Tel Aviv – 22 October 2009:and the United States have launched today, Wednesday October 21, their first day of the three-week 10 air defense exercise, being the largest ever joint-military exercises in missile defense, to be held by the two nations. About a thousand troops, from all four branches of service, will work alongside an equal number of Defense Force personnel, taking part in computer-simulated war games intended to ensure the two countries can jointly respond to a crisis. The two countries have held five such exercises since 2001. The Joint Task Force commander is Rear Admiral John M. Richardson, deputy commander of the Sixth Fleet. The exercise began October 21st and will last through November 3rd, 2009.
17 Sixth Fleet warships, including AEGIS destroyers armed with Standard SM2 missiles and support vessels are participating in the drills, along with 1,000 personnel from theEuropean Command and about the same number of Israeli military personnel. The biannual exercises began in 2001, as the missile defense cooperation between Israel and the U.S. expanded. U.S. Patriot air defense batteries were deployed to Israel for the first time in 1991, to help defend the country from Iraqi missile attacks. These exercises are improving the interoperability and coordination between the two forces and establish close working relations between Israeli and U.S. personnel involved with missile defense.
As Exercise Juniper Cobra unfolds, it is expected to deal with an escalating scenario, challenging the bilateral, integrated missile defense systems with multiple types of simultaneous threats fired from different ranges. These could include coordinated missile barrages launched from Iran and Syria, along with continuous attacks by medium and short range rockets fired by Hezbollah from Lebanon and Hamas from Gaza. Such air defense missions will be performed simultaneously with extensive air operations, characteristic of wartime activity. According to Brig. General Doron Gavish, commander of Israel’s air defense forces, the exercise will focus on active defense (missile interceptors) and will not address other aspects of Israel’s defense posture, such as pre-emptive – offensive or passive defense. During the first phase unfolding this week, the forces will practice field deployments of air defense units. The second week will focus on command-post exercises, as deployed units and command posts on land and at sea will deal with simulated threats . The third and phase will involve live firing of Israeli Patriot missiles.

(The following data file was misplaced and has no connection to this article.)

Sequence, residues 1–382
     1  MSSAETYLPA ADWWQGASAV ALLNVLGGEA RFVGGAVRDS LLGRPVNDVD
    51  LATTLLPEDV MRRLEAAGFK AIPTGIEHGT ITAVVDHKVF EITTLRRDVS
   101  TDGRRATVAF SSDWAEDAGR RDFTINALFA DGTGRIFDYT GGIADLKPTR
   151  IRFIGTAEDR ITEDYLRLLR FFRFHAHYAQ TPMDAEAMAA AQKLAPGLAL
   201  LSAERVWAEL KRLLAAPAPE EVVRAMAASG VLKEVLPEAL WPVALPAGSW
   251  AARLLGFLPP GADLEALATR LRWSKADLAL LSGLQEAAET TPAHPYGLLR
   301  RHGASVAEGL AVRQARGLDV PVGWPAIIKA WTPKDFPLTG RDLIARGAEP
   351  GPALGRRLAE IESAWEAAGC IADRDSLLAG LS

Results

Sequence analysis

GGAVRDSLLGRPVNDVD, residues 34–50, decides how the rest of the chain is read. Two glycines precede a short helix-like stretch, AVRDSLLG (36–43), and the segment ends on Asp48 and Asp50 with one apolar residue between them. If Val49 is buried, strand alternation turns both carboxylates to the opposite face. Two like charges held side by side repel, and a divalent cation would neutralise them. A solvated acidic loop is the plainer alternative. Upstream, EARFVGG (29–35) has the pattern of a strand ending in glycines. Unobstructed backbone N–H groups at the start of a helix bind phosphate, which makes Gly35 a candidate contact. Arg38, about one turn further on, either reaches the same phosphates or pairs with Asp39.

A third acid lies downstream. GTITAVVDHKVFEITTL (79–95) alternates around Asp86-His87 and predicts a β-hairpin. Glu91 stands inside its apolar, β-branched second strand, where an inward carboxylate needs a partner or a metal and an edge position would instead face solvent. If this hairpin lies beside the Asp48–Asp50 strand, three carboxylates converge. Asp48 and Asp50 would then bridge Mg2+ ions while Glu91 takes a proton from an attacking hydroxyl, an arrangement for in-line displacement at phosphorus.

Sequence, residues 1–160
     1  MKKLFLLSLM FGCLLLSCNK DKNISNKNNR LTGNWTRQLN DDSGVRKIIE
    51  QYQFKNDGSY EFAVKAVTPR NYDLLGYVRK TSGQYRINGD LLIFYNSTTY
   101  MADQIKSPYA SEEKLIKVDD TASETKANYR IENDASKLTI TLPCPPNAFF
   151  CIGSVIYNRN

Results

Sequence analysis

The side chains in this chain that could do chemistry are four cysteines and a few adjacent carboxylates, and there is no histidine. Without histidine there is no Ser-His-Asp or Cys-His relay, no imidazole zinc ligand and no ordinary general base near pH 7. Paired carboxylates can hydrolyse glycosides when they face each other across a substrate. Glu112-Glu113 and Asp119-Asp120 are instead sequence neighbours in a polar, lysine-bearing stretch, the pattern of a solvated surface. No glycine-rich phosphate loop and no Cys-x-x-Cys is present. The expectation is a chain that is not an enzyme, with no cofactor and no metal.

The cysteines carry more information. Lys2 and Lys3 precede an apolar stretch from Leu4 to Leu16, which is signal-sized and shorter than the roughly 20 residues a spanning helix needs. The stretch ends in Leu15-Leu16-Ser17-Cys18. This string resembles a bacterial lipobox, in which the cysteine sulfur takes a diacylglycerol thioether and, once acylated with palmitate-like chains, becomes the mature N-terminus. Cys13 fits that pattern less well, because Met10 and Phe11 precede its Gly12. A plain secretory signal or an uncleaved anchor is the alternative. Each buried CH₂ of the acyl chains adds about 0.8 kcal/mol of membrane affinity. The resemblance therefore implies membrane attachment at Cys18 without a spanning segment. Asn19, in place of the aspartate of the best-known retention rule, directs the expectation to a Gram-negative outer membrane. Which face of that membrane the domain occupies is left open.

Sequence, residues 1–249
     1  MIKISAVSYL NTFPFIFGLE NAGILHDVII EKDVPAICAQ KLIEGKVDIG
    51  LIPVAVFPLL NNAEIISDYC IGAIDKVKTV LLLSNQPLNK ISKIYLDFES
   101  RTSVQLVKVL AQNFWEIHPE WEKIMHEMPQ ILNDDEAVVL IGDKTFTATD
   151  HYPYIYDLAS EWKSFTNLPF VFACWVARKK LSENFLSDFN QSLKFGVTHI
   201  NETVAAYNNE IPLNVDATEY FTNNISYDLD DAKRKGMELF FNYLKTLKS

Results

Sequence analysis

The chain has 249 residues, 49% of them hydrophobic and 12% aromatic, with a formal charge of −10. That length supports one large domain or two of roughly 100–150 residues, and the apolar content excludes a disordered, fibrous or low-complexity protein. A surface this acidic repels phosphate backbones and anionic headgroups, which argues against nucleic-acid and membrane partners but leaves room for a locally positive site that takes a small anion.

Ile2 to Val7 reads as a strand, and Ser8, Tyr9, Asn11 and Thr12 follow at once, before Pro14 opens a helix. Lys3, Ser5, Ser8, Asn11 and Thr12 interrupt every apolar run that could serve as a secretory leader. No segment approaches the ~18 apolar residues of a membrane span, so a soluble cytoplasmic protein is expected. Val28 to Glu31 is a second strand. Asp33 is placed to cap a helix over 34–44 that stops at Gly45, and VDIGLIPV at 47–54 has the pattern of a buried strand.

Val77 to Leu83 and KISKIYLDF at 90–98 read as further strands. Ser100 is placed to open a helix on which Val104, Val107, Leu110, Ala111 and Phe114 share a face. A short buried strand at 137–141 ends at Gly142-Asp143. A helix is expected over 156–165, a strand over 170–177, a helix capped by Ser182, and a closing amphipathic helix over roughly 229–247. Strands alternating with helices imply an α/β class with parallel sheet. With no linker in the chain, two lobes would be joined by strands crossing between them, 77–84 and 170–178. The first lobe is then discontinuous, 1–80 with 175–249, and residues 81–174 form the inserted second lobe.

Among the systems expected to be deployed and tested during the drills are the Arrow-2 System Improvement Program (ASIP), and its associated Advanced Green Pine radar, the U.S. TPY-2 radar already positioned and operating in southern Israel, Israel Air Force Patriot and Hawk missiles systems; Patriot PAC-3 missile-interceptors deployed by U.S. forces from their European based, elements of the new Theater High Altitude Area Defense (THAAD) missile defense system and the naval-deployed AEGIS missile defense systems.
The U.S. forces are conducting regular exercises with international allied nations. Such exercises are planned more than a year in advance and require extensive coordination and preparation. However, joint exercises could also be used to mask strategic movements of forces. Just recently, the U.S. Central Command concluded the bi-annual Bright Star exercise in Egypt, rehearsing a massive parachute airdrop and equipment delivery. A similar exercise in 1990 preceded the coalition liberation of Kuwait, in response to the Iraqi invasion. According to some speculations, the U.S. could leave behind some of its advanced air defense systems deployed for the Juniper Cobra exercise. Such systems could include infrastructure equipment of even complete Patriot PAC-3 systems or elements of the THAAD, to be stored in the U.S. Army prepositioned equipment storages in Israel. However RADM Richardson stated that all U.S. units will be redeployed after the exercise.
In April this year, about 100 Europe-based personnel took part in a missile defense exercise that for the first time incorporated the U.S. owned X-Band TPY-2 radar system, which was deployed to Israel’ AIr Force base at Nevatim in the Negev desert in October 2008. This radar is intended to give Israel early warning in the event of a missile launch from Iran. For the past year, a small unit of U.S. troops and Defense Department contractors have been managing the radar station’s operations on site.